End-users are no longer as apprehensive as they once were about learning new applications. Most of them are fairly technologically knowledgeable, and they’re used to adopting new apps for personal use. For work, they usually want the newest, most efficient apps, and they want to start using them right away. Forget user manuals or online help: today’s end-user wants immediate functionality.
In some businesses, the IT service desk is taking on the role of training new users on the applications they use for work. Why would an already-busy IT service desk add to its demanding list of IT service management tasks for which it is responsible? In some situations, training by IT personnel benefits both the IT service desk and the end-user, and produces a better return on investment.
Benefit: Better Relationship Between the IT Service Desk and End-Users
When a member of the IT team learns an app and trains others on it, it encourages active, ongoing dialogue between the IT service desk and end-users, encouraging better collaboration between the two. Not only can the IT service desk pick up information that allows them to better help end-users, it can bridge what can be, in some organizations, a “them and us” mentality between IT and everyone else.
Furthermore, when tech specialists take over training on selected applications, they tend to learn the apps more thoroughly, including lesser-used features that end-users may never discover on their own and that could further boost productivity. The 80 / 20 rule tends to hold in app use, with 80% of end-users using 20% of an app’s functionality, but training by IT personnel can make the less obvious tools more accessible and usable to more people. The result is apps that are used more fully, and maximum productivity gains from the apps.
Benefit: Return on Investment
Like it or not, businesses no longer evaluate IT service management solely on its technical solutions. IT is expected to drive business value, and greater business value can come from end-users who are more fully trained on the applications they use every day. Some IT managers are including training as part of every end-user technology project that is rolled out, making training a fundamental component of having a new technology solution “installed.”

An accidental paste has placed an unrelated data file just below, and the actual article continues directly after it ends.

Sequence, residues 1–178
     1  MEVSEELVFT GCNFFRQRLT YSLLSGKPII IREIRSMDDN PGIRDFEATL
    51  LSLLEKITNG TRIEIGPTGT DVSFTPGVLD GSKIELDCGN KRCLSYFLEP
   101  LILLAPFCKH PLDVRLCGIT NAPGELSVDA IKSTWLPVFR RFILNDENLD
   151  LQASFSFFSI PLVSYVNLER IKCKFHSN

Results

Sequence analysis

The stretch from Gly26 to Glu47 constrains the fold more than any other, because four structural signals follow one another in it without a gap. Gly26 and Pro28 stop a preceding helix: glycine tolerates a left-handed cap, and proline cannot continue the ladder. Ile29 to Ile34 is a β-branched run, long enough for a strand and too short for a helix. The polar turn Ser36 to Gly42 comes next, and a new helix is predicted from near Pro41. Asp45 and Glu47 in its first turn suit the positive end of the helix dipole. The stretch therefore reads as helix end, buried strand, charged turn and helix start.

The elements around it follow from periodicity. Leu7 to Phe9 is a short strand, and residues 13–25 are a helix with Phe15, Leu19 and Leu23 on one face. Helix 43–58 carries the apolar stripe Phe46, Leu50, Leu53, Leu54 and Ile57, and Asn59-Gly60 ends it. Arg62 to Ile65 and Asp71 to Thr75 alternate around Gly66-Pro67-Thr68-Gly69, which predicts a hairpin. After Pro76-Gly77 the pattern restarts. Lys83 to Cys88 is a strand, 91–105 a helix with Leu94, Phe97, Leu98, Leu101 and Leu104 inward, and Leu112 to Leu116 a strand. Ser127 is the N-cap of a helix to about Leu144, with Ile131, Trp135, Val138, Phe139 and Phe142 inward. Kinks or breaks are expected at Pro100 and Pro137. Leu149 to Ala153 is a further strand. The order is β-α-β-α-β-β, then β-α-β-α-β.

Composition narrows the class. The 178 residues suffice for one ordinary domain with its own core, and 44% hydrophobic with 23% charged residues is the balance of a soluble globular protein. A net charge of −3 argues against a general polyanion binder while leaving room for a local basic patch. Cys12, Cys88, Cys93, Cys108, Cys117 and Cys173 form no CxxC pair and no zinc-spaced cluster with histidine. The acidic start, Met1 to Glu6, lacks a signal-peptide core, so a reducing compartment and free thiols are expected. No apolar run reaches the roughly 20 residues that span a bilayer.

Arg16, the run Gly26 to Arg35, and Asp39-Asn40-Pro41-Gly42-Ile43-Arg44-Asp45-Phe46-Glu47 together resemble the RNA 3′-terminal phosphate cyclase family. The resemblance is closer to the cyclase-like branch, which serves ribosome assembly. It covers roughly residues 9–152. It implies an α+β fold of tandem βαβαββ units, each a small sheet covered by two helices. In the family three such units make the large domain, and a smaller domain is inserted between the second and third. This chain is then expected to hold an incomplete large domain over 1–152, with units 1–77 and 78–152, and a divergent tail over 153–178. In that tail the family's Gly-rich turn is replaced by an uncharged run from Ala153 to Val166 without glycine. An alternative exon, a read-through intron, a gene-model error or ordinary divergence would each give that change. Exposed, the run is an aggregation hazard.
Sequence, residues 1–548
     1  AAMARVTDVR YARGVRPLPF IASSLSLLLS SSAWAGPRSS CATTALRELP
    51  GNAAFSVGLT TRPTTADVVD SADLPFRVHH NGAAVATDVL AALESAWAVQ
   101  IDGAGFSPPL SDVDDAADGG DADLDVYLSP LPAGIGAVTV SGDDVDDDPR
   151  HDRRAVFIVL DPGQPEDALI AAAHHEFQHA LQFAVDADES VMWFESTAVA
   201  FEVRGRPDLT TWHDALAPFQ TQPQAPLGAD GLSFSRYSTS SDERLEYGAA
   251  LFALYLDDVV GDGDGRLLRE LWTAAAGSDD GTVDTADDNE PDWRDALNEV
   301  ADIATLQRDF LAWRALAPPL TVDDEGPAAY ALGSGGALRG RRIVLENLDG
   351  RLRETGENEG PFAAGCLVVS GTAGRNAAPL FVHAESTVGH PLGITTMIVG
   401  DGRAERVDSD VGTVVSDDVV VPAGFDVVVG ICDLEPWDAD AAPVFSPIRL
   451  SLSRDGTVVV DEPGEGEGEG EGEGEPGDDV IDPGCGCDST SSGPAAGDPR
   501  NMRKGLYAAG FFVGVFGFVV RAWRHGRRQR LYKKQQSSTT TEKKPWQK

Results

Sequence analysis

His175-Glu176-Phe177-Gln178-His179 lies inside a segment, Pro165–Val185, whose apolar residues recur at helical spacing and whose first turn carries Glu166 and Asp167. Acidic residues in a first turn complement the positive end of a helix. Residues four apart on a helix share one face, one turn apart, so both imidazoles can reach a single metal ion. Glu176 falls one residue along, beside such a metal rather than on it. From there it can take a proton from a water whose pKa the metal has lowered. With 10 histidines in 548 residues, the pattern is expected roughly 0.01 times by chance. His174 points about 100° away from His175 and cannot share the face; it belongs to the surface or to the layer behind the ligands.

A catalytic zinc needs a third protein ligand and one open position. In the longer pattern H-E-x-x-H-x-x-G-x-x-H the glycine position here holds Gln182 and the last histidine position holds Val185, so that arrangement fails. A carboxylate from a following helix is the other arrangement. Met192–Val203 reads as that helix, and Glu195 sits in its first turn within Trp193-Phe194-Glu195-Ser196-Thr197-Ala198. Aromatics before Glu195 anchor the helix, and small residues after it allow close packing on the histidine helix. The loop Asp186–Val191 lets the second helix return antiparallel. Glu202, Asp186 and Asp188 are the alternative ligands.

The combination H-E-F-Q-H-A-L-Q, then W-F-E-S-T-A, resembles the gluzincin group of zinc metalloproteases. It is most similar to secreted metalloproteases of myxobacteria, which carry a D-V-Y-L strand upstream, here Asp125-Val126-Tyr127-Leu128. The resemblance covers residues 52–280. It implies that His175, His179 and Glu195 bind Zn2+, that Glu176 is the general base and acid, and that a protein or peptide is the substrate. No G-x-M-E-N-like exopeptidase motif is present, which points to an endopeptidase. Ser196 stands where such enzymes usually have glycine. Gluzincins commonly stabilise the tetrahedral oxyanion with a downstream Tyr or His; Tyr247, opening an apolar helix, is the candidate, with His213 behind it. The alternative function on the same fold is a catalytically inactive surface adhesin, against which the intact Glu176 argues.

Follow-on end-user training can prevent a number of end-user inquiries to the IT service desk, and can make IT service desk workers better prepared for the inquiries that do arrive. Return on investment is maximized when end-users are comfortable using all functions in their work apps and know the IT service desk can answer their questions.
The IT and HR Partnership
Training isn’t traditionally a strong skill for those involved in IT service management, because a lot of IT functions are concerned with hands-on technical issue resolution. Partnering with human resources can help when IT service desk personnel are tasked with training end-users on new applications. This could be done by, for example, assigning an HR professional to IT to assist with developing training plans and materials and dealing with the administrative side of training (like getting people signed up and scheduling sessions). This way, IT is responsible primarily for subject matter rather than administration.
Management Buy-In Is Critical to Making It Work
If IT service management is enlarged in scope to include end-user training, buy-in of IT management is critical to making it work. IT management should, for example, develop a long term training “roadmap” that correlates to projected rollouts of new technology. IT management should also be involved in ensuring that workload is distributed fairly so that no particular person or group is overloaded and that the IT service desk can continue to provide high quality service.
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